On paper, Notion Ink’s upcoming tablet computer, called Adam, beats Apple Inc.’s iPad by a mile.
Among its many lofty ambitions, the Hyderabad-based company’s 10-inch screen prototype boasts a revolutionary “transflective” display developed by US-based company Pixel Qi. Unlike most LCD screens, which become useless in bright sunlight, a transflective display can switch, with a flick of a button, between bright LCD colour and a black and white reflective display like those in e-book readers such as Amazon’s Kindle.
In January, when Notion Ink demonstrated the device at consumer electronics expo CES 2010 in Las Vegas, popular technology blog Gizmodo called it “one of the most exciting devices” at the show.
Big fish: (from left) Rohit Rathi, Rohan Shravan and Sachin Ralhan are the brains behind Adam.
Attempting to beat Apple at its own game is quite a feat for a three-year-old company managed by seven 24- to 26-year-olds. But these upstarts and the 60 or so trainees working with them have pulled off a string of impressive coding, hardware engineering, legal and marketing feats to get this far.
Founder and director, creatives, Rohan Shravan, the man who conceptualized Adam, talks with starry-eyed idealism that seems to have remained intact from 2007, when he first began tinkering with the idea of a tablet PC. “I was inspired by the One Laptop per Child (OLPC) project that aimed to build a $100 (around Rs4,740) laptop. The project hit roadblocks because they were aiming for universal usage with an expensive device,” he says. “I wanted to build something cheaper and more universally accessible than a laptop.”
One tablet to rule them all
In its current form, the Adam is 12.9mm thick, is capable of high-definition video playback, has a special “swivel” camera that can swing 180 degrees, and a touch pad at the back. It runs Google’s Android operating system, and is working towards Flash compatibility, which the iPad rejects completely. The operational details of the device are still closely guarded, so it’s impossible to say if Notion Ink will deliver on all its promises.
But why a tablet, when there are no commercially successful precursors before the iPad? Shravan says he was always positive it had to be a mobile device. “Mobile broadband speeds are getting better and technology is getting cheaper. Plus, nothing is more convenient than a tablet. I was also convinced that the mode of interaction with computers had to change. We cannot stay restricted to keyboards any more.”
Shravan was keen that Adam not be influenced by any one of its competitors, especially the iPad. “I knew the iPad was in development because I follow patents very closely. And I was hoping it did not release while we were developing Adam, just so our creativity didn’t get stilted,” says Shravan.
The iPad is now a household buzzword, but Notion Ink says Adam is more like the Microsoft Courier than an Apple device. The Courier was a Microsoft prototype with two touch screens fitted together like an open book. The device was rumoured to have used advanced handwriting recognition, but the company said in April that the product was only a prototype and never meant for a commercial launch.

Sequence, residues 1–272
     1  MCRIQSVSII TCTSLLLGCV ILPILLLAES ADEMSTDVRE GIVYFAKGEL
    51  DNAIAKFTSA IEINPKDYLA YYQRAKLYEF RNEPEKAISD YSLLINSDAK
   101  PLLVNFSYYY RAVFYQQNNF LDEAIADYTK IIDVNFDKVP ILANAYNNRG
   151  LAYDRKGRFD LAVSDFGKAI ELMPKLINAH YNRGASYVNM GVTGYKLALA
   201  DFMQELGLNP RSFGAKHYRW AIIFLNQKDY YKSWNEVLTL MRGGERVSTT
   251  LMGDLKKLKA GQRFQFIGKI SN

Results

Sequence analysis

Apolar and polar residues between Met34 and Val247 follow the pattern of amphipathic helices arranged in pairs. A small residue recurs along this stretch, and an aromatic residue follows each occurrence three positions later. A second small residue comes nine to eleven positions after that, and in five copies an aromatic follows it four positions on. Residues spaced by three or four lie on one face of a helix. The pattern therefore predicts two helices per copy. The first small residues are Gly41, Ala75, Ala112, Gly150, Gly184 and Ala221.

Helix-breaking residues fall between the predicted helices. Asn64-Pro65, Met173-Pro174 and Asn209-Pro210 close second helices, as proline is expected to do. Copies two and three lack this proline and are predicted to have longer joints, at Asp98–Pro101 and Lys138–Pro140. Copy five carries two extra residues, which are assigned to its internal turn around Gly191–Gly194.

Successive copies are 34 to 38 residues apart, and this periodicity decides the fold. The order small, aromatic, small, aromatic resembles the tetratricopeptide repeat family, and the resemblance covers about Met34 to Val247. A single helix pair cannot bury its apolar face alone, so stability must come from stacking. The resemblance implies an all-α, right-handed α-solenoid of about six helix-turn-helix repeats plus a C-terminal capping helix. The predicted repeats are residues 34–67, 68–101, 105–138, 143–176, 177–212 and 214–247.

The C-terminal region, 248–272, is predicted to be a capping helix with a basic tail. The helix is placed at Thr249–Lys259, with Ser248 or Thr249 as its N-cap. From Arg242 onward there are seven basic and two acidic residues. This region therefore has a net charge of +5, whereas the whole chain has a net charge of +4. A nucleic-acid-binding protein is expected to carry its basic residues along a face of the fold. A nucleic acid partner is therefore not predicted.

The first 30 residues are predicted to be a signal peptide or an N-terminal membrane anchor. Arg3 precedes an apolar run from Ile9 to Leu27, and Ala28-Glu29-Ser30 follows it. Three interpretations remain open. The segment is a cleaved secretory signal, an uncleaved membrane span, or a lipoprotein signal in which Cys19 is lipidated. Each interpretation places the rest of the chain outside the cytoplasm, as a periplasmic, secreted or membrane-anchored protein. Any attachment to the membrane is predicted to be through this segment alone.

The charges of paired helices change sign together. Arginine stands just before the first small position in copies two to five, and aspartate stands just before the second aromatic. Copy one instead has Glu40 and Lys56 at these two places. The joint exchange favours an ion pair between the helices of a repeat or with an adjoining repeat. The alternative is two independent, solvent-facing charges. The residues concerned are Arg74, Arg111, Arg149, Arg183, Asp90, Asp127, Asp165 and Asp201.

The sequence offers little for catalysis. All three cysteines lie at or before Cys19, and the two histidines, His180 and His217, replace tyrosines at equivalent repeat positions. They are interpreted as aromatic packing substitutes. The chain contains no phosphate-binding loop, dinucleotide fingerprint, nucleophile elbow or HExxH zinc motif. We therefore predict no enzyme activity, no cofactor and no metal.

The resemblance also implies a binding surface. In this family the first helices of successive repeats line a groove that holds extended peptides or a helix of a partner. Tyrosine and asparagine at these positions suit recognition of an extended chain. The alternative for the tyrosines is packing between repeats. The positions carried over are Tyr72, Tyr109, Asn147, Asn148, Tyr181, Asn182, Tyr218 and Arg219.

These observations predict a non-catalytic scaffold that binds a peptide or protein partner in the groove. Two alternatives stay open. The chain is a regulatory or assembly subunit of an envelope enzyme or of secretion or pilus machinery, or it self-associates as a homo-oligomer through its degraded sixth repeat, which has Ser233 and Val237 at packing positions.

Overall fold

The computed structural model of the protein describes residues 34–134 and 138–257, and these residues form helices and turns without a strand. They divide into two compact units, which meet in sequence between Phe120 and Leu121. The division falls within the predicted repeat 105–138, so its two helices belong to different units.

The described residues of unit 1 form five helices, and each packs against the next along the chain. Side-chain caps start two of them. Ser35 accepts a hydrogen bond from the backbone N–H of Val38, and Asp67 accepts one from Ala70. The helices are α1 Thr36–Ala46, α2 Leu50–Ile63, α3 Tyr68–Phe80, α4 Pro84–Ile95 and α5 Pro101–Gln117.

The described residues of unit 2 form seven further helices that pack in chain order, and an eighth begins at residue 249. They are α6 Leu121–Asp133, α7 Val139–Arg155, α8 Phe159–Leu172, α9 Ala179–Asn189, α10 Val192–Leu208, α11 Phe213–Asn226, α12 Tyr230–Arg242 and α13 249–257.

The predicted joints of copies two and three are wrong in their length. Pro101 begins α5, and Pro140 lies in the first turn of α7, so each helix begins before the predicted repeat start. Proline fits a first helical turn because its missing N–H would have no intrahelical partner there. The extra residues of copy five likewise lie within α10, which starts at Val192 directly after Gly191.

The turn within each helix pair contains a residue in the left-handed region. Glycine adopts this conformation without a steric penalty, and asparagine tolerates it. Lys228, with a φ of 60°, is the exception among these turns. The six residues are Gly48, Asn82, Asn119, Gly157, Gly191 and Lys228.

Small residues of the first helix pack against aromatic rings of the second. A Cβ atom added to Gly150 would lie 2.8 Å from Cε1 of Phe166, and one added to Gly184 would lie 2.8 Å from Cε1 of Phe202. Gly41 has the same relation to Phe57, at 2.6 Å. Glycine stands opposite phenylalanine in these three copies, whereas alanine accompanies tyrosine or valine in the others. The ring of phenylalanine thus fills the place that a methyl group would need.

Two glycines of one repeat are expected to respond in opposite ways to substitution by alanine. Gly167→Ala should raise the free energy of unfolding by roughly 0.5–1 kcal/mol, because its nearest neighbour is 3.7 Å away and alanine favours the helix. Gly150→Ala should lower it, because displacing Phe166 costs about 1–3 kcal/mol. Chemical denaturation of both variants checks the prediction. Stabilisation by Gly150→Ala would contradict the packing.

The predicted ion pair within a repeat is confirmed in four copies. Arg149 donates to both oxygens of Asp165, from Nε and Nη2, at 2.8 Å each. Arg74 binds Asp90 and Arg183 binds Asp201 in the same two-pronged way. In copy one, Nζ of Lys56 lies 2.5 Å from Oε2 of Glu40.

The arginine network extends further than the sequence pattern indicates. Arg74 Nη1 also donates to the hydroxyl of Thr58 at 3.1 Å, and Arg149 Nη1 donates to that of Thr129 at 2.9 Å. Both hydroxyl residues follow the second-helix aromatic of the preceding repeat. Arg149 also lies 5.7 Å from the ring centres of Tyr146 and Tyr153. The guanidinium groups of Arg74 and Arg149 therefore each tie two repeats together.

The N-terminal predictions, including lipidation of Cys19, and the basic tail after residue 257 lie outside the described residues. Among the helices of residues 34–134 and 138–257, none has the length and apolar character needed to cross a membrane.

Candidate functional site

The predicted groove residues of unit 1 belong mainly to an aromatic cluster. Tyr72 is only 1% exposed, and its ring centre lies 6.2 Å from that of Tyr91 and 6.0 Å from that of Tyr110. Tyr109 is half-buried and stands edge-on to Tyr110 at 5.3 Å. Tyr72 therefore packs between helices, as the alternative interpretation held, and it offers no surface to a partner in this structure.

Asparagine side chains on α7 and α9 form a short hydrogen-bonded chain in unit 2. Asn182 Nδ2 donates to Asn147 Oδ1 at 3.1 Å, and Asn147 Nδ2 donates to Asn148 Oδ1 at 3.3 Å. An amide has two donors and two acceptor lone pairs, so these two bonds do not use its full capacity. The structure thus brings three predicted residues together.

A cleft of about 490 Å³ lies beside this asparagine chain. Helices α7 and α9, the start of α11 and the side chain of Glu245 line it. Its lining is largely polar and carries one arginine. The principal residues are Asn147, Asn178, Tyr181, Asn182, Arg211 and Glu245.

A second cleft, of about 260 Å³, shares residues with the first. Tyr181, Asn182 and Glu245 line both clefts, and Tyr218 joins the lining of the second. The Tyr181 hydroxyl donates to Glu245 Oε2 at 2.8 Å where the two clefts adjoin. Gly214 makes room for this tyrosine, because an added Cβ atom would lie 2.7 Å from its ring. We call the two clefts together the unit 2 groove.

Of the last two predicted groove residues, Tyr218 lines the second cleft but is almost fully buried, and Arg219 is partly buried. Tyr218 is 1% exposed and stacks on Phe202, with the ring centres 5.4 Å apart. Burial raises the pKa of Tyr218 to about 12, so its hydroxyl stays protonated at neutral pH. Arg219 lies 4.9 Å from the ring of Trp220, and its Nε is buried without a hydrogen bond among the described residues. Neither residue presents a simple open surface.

That’s a warning sign, says Diptarup Chakraborti, principal analyst at market research firm Gartner. “Think about the iPod competitors that were once launched by Sony, Microsoft and Creative. They were far superior to the iPod and yet they didn’t take off purely because they couldn’t match Apple’s brand and marketing,” he says. “The iPhone is far more expensive than its competitors, yet it is successful. It isn’t about features or price alone.”
He cites the example of the Simputer, a low-cost, hand-held computer developed in India in 1999 which never met its sales goal because it wasn’t marketed right.
“Notion Ink’s best bet is to piggyback on a known brand like Sony. That way, even if they are the original design manufacturers in the beginning, they can go on to develop more products with the initial success,” says Chakraborti.
Chakraborti says Notion Ink isn’t known well enough, despite the media splash. “If I were to stick my neck out and venture an opinion, I’d say they are not ready to take on an iPad.”
With the device still in the prototype stage, the question becomes: How will Notion Ink manage to pack in so many features into a 1.7-pound book—a 3.2-megapixel swivel camera, Pixel Qi screen that works equally well in sunlight, a 16-hour battery life, accelerometer (a device to detect the rotation of the tablet so the screen can be adjusted), Wi-Fi, 3G and Bluetooth? Shravan says they started bottom-up, with use-cases as a starting point. “We first focused on the functionality in Adam, unlike device manufacturers who decide on the technical components first. In their case, the features of the device depend on what the components can support”.